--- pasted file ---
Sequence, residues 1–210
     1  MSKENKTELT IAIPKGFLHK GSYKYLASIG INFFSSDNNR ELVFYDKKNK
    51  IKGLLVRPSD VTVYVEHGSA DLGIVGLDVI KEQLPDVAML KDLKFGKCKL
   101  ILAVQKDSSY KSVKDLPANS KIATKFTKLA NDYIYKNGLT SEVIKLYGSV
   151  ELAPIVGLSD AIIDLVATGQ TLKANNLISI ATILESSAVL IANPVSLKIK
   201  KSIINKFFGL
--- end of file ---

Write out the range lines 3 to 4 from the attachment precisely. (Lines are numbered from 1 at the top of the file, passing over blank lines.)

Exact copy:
    51  IKGLLVRPSD VTVYVEHGSA DLGIVGLDVI KEQLPDVAML KDLKFGKCKL
   101  ILAVQKDSSY KSVKDLPANS KIATKFTKLA NDYIYKNGLT SEVIKLYGSV